Orioles take wild walk on frustrating side, 10-3

A's turn 11 walks, 6-run seventh into another unsightly rout

August 29, 2005|By Jeff Zrebiec | Jeff Zrebiec,SUN STAFF

Perhaps, the reality set in long ago and the Orioles simply weren't ready to admit that a once-promising 2005 season, one that saw them possess first place for 62 consecutive days, had gotten to this point.

But second baseman Brian Roberts became the first Oriole to voice the sentiment when, after Saturday's nine-run loss to the Oakland Athletics, he acknowledged that the Orioles are essentially playing for pride, not the playoffs.

That, as proved again yesterday, is not going well either. The 26,971 at Camden Yards spent another afternoon booing the home team, specifically its pitching staff, as the Orioles issued a season-high 11 walks and hit two batters, contributing to a lopsided - and at times, unsightly - 10-3 loss to the A's.

It was the Orioles' third straight defeat and their eighth in the past nine games and they are now 14-28 since the All-Star break. The Orioles (61-68) also set another season-high for games under .500.

"When the team is struggling, everything looks bad," said Orioles manager Sam Perlozzo, who appeared to have guided the Orioles out of their slump, but is now 10-12 since taking over for the fired Lee Mazzilli. "That's all there is to it."

With the victory coupled by the Los Angeles Angels' loss to Tampa Bay, the A's (73-56), who will go for the four-game sweep today, moved into first place in the American League West.

Meanwhile, it's becoming increasingly possible that the Orioles will have to battle to stay out of last place. The thought seemed comical even a few weeks ago, but their lead over the basement-dwelling but red-hot Devil Rays has shrunk to seven games. Twenty of the Orioles' remaining 33 games are against either the Devil Rays, New York Yankees or Boston Red Sox.

"I don't think I've ever seen it like there where you have a club going so well and then end up in this situation right now for the last couple of months," Orioles executive vice president Jim Beattie said. "It's frustrating to watch and it's frustrating to go through as a player."

That statement was embodied in the body language of Orioles outfielder Eric Byrnes. After making the last out, Byrnes spun in the air and spiked his helmet violently off the dirt. He then kicked his helmet all the way back to the dugout.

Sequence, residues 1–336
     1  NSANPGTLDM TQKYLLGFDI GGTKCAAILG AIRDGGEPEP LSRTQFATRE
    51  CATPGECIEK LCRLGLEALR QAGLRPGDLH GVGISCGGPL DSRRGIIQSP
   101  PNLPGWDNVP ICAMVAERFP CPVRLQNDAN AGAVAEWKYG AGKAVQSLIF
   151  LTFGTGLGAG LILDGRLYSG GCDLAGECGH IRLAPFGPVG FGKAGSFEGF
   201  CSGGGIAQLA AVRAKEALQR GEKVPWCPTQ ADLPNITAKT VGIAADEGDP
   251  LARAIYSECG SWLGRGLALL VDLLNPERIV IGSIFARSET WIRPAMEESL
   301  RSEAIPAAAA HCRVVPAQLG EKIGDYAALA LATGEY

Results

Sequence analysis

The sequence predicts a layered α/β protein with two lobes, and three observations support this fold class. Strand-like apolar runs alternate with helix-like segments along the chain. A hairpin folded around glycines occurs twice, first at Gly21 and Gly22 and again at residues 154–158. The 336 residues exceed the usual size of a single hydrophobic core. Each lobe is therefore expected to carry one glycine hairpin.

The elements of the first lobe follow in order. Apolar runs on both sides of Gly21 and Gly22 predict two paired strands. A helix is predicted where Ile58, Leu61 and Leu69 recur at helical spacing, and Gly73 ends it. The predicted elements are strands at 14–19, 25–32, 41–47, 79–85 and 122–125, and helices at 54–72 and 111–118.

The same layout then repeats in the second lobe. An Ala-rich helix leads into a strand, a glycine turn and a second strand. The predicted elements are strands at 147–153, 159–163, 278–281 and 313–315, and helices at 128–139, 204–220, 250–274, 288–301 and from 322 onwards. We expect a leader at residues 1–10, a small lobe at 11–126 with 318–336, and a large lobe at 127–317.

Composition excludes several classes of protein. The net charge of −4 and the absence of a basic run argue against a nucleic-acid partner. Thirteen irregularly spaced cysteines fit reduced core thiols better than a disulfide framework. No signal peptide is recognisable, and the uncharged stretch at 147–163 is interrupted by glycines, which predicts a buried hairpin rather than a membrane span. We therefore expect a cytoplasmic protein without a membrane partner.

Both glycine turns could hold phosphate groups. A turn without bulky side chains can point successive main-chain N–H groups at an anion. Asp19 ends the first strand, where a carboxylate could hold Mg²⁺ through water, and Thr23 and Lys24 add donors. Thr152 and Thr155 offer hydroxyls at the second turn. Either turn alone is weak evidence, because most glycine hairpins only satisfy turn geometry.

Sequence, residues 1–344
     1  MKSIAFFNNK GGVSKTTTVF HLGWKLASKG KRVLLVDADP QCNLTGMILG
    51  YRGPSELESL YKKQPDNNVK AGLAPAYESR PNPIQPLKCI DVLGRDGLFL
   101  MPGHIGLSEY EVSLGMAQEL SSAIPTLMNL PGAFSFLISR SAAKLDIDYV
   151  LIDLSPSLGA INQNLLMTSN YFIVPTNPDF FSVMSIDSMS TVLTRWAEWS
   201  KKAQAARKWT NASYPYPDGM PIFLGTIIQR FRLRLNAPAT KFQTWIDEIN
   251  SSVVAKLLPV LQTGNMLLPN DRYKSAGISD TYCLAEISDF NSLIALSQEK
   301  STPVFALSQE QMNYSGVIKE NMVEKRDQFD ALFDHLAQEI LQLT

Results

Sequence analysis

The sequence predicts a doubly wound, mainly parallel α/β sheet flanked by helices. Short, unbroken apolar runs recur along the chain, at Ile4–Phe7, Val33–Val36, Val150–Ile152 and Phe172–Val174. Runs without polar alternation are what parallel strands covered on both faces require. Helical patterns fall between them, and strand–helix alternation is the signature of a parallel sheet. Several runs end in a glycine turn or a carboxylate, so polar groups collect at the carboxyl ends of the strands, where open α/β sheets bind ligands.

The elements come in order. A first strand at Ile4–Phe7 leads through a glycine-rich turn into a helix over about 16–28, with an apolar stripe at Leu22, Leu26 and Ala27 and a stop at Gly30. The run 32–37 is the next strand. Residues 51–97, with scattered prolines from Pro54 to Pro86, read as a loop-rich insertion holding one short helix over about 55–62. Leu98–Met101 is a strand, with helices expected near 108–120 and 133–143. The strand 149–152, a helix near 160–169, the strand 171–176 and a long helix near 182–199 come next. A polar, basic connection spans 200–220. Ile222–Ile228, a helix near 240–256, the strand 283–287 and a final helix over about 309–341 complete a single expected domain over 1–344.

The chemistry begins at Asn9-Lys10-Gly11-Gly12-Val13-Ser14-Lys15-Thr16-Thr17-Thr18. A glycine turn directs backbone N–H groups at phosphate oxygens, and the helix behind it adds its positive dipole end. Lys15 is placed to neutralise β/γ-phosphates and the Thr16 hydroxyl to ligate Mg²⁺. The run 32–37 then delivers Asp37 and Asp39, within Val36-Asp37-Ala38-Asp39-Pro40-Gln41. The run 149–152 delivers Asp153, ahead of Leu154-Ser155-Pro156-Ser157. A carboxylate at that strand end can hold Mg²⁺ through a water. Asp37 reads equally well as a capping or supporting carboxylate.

"Obviously, it's a frustrating time," Byrnes said later in a classic understatement.

Imagine how the Orioles pitchers felt.

In the seventh inning alone, when the A's turned a one-run lead into a 9-2 bulge, Orioles pitchers allowed two hits and a sacrifice fly, walked four, including one that forced in a run, and hit a batter, which also brought in a run. Catcher Javy Lopez was credited with a passed ball that allowed a run to score and Melvin Mora committed a throwing error.

Jorge Julio started the six-run mess, which came on the heels of a seven-run inning by Oakland on Saturday. Julio allowed a hit and walked two and never did get an out.

"My mechanics today were no good," said Julio, who appeared to get slightly agitated when informed after the game that Perlozzo felt that he was throwing, rather than pitching.

Tim Byrdak, who admitted to Perlozzo later that he had a sore left shoulder that was affecting his command and will likely make him unavailable for about four days, came in and walked three, hit one and allowed a hit. He gave up three earned runs, while getting just one out.

"Today, I was embarrassed to be out there and pitch the way I did," said Byrdak, who said his arm has been bothering him since the Orioles' Aug. 20 loss to Cleveland, but didn't want to say anything because he knows he's auditioning for a spot on the roster next year.

"I'll never make excuses for myself. ... I told Sammy [Perlozzo] today that I feel like I can throw, but I can't pitch. If you are just throwing it over the plate, you are going to get hurt."

Put in an early hole as starter John Maine (1-1) allowed single runs in the second, third and fifth, the Orioles' offense didn't fare much better. They didn't manage a hit off Oakland starter Dan Haren (11-10) until Jay Gibbons doubled with two outs in the fifth inning. Mora and David Newhan each struck bases-empty homers in the sixth to cut the A's lead to 3-2.

Even with Mora's second homer in the ninth, the Orioles have scored four runs or fewer in 12 of their past 16 games.

"We need some guys to go ahead and swing the bat and start feeling good about themselves, otherwise, they are sitting there worried about themselves and not the team," Perlozzo said. "Then everything snowballs."

Perlozzo saw enough positive signs to suggest that the Orioles have plenty of fight left in them. He pointed to Miguel Tejada legging out an infield single with the Orioles down seven runs in the ninth inning. He pointed to Byrdak taking the ball despite an ailing arm and Mora's renewed power at the plate.

Asked if he was considering holding a meeting to try to light a fire under his players, Perlozzo said there was no need.

"If I thought going in there and yelling at these guys would make them get a hit, I wouldn't be able to talk to you right now," Perlozzo said. "These guys are not stupid in there. They are trying. They are putting pressure on themselves, but you have to get past the pressure and relax and play the game of baseball."

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